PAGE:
India Pale Ale or IPA is a style of beer within the broader category of pale ale. It was first brewed in England in the 19th century. The first known use of the expression “India pale ale” comes from an advertisement in the Liverpool Mercury newspaper published January 30, 1835. Before January 1835, and for some time after this date, this style of beer was referred to as “pale ale as prepared for India”, “India Ale”, “pale India ale” or “pale export India ale”.
Demand for the export style of pale ale, which had become known as “India Pale Ale,” developed in England around 1840 and India Pale Ale became a popular product in England. Some brewers dropped the term “India” in the late 19th century, but records indicated that these “pale ales” retained the features of earlier IPA. American, Australian, and Canadian brewers manufactured beer with the label IPA before 1900, and records suggest that these beers were similar to English IPA of the era.
The rumor I had heard growing up was that IPAs were so fortified with extra malt and hops as to prevent spoiliage on the long voyage from England to British India (as both alcohol and hops inhibit bacteria and fungus), but this claim is not substantiated by Wikipedia. From the Wikipedia bibliography:
No, Hodgson didn’t “invent” India Pale Ale, and 18th century brewers before Hodgson were making beers that could survive a journey to India, and further.
Regardless, I still prefer to introduce new IPA drinkers to the more interesting myth.
My trip to the LHBS was impulsive and un-planned, and I hadn’t devoted any consideration to my recipe before showing up to buy everything. (I was actually living a couple hundred miles away from this particular homebrew supplies shop at the time.) Fortunately, Red Salamander keeps a mini-library in-house, and I found a suitable IPA recipe in their copy of Brewing Classic Styles.
Page 186 describes a recipe for Hoppiness Is An IPA, an American IPA. I took photos on my phone of the recipe, pasted together at right, and sought out the ingredients in the store. However, not all was in stock – so Mitch at Red Salamander improvised some substitutes for me to purchase. (I also had to adjust portions later to accommodate a 5-gallon batch versus the original 6-gallon recipe.)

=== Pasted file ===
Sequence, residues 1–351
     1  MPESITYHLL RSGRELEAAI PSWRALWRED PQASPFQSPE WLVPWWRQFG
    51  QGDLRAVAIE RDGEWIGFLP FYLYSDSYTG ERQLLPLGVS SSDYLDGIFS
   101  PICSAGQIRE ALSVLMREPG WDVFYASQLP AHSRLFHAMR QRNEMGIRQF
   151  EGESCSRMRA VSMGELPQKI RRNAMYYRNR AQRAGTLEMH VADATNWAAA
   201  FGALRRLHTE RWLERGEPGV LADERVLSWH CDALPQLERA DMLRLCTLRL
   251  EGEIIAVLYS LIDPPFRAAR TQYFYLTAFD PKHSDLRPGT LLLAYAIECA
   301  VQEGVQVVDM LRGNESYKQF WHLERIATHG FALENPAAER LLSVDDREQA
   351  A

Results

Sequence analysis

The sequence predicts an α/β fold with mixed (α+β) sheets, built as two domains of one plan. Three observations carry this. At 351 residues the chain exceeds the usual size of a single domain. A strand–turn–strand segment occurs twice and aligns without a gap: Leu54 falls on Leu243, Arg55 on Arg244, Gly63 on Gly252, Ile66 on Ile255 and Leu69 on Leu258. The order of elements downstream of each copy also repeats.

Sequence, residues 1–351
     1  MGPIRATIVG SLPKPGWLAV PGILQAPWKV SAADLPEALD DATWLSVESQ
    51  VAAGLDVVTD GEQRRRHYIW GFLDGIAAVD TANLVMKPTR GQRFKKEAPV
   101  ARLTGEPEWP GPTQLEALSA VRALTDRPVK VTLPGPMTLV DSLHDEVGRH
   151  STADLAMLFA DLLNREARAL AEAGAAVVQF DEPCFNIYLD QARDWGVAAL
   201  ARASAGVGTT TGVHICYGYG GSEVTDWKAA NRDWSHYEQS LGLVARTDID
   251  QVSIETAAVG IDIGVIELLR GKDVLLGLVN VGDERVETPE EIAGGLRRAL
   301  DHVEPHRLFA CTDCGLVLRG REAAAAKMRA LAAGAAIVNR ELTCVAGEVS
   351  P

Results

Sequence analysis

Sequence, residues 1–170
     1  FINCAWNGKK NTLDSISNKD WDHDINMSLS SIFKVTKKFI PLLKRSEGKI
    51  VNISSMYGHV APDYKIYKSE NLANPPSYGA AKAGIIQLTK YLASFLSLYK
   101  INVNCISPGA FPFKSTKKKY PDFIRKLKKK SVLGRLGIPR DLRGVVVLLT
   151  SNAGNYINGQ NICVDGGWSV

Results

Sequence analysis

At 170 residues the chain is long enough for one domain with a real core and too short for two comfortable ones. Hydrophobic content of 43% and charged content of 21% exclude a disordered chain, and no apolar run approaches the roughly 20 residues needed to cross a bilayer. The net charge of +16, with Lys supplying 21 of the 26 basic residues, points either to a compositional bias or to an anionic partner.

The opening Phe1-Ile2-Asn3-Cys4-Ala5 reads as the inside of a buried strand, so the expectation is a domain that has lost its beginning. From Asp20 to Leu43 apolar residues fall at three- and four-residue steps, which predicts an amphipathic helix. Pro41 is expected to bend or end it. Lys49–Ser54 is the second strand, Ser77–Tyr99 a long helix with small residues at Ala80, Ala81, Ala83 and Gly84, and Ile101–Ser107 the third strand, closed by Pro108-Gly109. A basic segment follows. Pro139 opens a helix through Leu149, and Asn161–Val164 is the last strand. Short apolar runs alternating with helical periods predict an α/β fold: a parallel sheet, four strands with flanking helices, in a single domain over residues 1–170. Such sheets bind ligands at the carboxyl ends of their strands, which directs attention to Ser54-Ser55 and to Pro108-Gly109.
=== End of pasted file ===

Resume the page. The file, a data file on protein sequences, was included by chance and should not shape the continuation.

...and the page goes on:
The improvised recipe is as follows:
- 6 lbs. Pale LME (Liquid Malt Extract)
- 1 lbs. Pale DME (Dried Malt Extract)
- 1.00 lbs. Crystal-20
- 0.25 lbs. Crystal-40
- 0.50 lbs. Munich
- 1 oz. German Magnum @ 60 minutes (~13 AA)
- 1 oz. Centennial @ 10 minutes (~9 AA)
- 1 oz. Simcoe @ 5 minutes (~12 AA)
- 1 oz. Amarillo @ knock-out (~9 AA)
- Safale US-05 Dry Ale Yeast
Brewing the wort (Evening of January 28, 2012)
Below, you can see some photos of the wort. This IPA was a partial-grain, which means a portion of the sugar was steeped from grain. The rest of the sugar is from liquid and dried malt extract, which means some industrial operation already steeped the malted barley for me. (Using malt extract is basically a labor-saving choice.) Other recipes call for all grain, and are aptly classified as all-grain recipes.
Primary & secondary fermentation (Three Weeks)
The one mishap from brew night was that I did not sufficiently cool the wort before pitching the yeast and beginning fermentation.
Apparently, the range of temperatures between cooking the wort (a ~220°F boil) and ideal fermentation (~70°F) invite all manner of contaminants that can affect the taste of the resultant beer. These could be undesirable chemical compounds that only form at the warmer temperatures and/or bacteria that likewise thrive in warmer solutions. While I did dutifully set my wort in a snow-bank to chill it off, I completely forgot to take any temperature reading before pitching the yeast… and inadvertently pitched my yeast into a hot wort. (I suppose that the brew pot quickly melted the adjacent snow and then had a ring of air to insulate it; in the future I’ll keep compressing the snow onto the edges of the pot.)
It was a half-hour after pitching the yeast that I remembered to take a temperature reading, and the wort was yet 95°F. This made me very concerned at the time, but now I know everything turned out amazingly well, and so I won’t dwell on it… RDWHAHB.
I kept the carboy covered in a blanket for most of the fermentation period to prevent UV radiation from skunking the beer.
Bottling night (February 17)
Bottling occurred without a hitch. The yield was 47 12-oz bottles and another ~24 ounces of flat beer that I drank through-out the night.
And by my own judgment, I have a very tasty homebrew. One friend complimented my IPA for being truer to the style and not overly hoppy as many homebrews are apt to be.
Next time I am up north, I’ll take a good photo of the finished product to share here. I have so far had the (good) problem of drinking my beer in lieu of being thoughtful and taking pictures of it.
My journal notes from the batch are provided below. The first few pages are a step-by-step description of the recipe and brewing process, where I figured out everything for the first time before even beginning the cook. Instructions, basically.
Given the change-up in ingredients, and also given my alterations (read: mishaps) in the brewing, I’ve taken to calling this particular homebrew Hopportunity IPA.